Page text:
Pip Hare restarted the Mini Transat today determined not to repeat the mistake which marred her strong start to the race.
The Warsash yachtswoman spent much of the first leg of the race from Fort Boyard, near La Rochelle, to Madeira in the top 10 of the highly-competitive fleet of 21-foot long racing yachts.
On the route through Biscay and down towards the Atlantic island group she had kept in touch with the leaders aboard her boat The Potting Shed.
But after a long stint without sleep, handsteering through lumpy seas and tracing an electrical fault which was disrupting her wind instruments, she made a decision which cost her dear.
‘I had been awake for around 26 hours – I was tired and not thinking straight,’ said Hare, aged 37, after completing the 10-day leg in Madeira.
‘I made a tactical decision to go east and I followed it which lost me 20 places in the fleet.
‘My mistake was to make a big decision like this when tired.
‘I should have known better but I did it anyway and it cost me.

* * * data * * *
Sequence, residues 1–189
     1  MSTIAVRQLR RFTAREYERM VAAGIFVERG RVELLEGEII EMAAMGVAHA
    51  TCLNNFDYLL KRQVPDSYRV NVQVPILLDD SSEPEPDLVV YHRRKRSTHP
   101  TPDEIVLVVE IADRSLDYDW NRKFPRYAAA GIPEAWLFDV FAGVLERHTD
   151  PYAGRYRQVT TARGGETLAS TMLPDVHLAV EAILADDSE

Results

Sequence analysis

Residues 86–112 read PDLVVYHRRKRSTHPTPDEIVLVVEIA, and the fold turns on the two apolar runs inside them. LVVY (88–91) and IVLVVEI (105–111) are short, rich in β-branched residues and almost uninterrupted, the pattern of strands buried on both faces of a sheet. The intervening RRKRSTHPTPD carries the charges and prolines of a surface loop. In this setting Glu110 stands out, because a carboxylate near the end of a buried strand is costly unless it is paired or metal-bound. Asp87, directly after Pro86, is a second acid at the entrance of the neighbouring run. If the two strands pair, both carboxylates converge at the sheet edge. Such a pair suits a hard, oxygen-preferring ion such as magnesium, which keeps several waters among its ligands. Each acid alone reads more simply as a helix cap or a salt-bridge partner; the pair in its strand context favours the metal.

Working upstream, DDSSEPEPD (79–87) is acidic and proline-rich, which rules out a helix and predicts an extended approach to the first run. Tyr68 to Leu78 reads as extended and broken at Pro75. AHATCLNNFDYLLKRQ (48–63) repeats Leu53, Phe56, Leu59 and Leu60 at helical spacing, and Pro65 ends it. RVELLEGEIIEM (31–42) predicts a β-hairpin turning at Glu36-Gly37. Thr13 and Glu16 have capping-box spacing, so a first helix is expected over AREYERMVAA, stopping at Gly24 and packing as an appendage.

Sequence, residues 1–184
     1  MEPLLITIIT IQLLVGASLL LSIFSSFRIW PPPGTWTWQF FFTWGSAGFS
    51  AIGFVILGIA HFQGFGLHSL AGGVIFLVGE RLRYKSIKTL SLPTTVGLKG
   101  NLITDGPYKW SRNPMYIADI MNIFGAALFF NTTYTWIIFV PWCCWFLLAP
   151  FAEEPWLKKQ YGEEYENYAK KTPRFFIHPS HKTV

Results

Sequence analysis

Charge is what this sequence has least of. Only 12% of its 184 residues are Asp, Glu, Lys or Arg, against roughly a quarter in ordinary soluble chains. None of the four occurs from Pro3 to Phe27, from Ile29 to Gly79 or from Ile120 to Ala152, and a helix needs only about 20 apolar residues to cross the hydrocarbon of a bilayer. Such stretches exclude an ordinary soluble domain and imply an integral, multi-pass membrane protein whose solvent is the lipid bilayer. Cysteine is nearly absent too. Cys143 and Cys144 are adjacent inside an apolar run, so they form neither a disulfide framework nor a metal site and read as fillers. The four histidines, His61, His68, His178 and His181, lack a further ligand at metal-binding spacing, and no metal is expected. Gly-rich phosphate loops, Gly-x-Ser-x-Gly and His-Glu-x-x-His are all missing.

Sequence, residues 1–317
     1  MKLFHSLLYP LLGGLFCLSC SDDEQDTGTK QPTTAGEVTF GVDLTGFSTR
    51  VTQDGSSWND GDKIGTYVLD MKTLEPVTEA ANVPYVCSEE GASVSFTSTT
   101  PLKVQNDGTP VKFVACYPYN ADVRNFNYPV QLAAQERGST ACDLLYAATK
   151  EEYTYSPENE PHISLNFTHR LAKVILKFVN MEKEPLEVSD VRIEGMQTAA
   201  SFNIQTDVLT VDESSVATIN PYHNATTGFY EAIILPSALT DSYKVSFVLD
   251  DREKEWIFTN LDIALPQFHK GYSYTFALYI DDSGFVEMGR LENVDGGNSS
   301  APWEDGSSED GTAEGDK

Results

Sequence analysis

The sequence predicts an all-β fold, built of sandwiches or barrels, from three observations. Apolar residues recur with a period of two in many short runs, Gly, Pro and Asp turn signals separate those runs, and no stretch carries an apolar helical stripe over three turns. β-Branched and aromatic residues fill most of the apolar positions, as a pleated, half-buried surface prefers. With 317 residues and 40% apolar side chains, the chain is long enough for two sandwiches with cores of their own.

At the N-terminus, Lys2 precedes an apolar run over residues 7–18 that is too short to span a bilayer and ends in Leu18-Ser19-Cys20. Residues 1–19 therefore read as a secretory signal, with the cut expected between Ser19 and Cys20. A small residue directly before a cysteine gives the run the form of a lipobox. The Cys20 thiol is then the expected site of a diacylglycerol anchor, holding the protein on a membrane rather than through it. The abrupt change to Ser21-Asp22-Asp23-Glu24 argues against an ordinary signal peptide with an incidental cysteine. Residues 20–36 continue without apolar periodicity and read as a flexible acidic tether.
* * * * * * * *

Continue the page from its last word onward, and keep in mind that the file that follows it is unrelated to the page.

‘I did spend about half a day beating myself up, a few tears were shed and general anger flowed around the boat.
‘But as night follows day, so every tantrum must end and after waking up in 35th place I set my new goals to catch up.’
Hare, who used her life savings to fund her Mini Transat campaign, managed to haul herself back up to 29th place in the 45-strong production boat class by the finish – no disgrace but a huge blow after her early showing.
And the upwind conditions after rounding Cape Finnisterre were not exactly a picnic either.
‘Beating in a mini is just not fun,’ she said.
‘It is brutal; like riding a bucking bronco endlessly, all day and all night.
‘The boat must be well stacked with all of your kit and water on the high side of the boat, giving you maximum righting moment.
‘This is a back-breaking job and one I particularly hate.
‘With little moonlight to show us the path, night time in breeze was violent, the boat seemed to be careering through waves at breakneck speed.
‘Then suddenly halted with a shuddering explosion as it crashed into an unseen wave.’
But at least during the final three days of the leg she had a foretaste of what the current 3,100 mile stage to Salvador de Bahai in Brazil might hold – big breeze, and from the right direction.
As she described in her blog: ‘Beautiful, brilliant downwind sailing, surfing waves, changing between kites in squalls.
‘Dolphins alongside the boat and the absolute joy and pleasure of steering and trimming to gain every ounce of speed in these conditions.
‘If this is the second leg then bring it on!’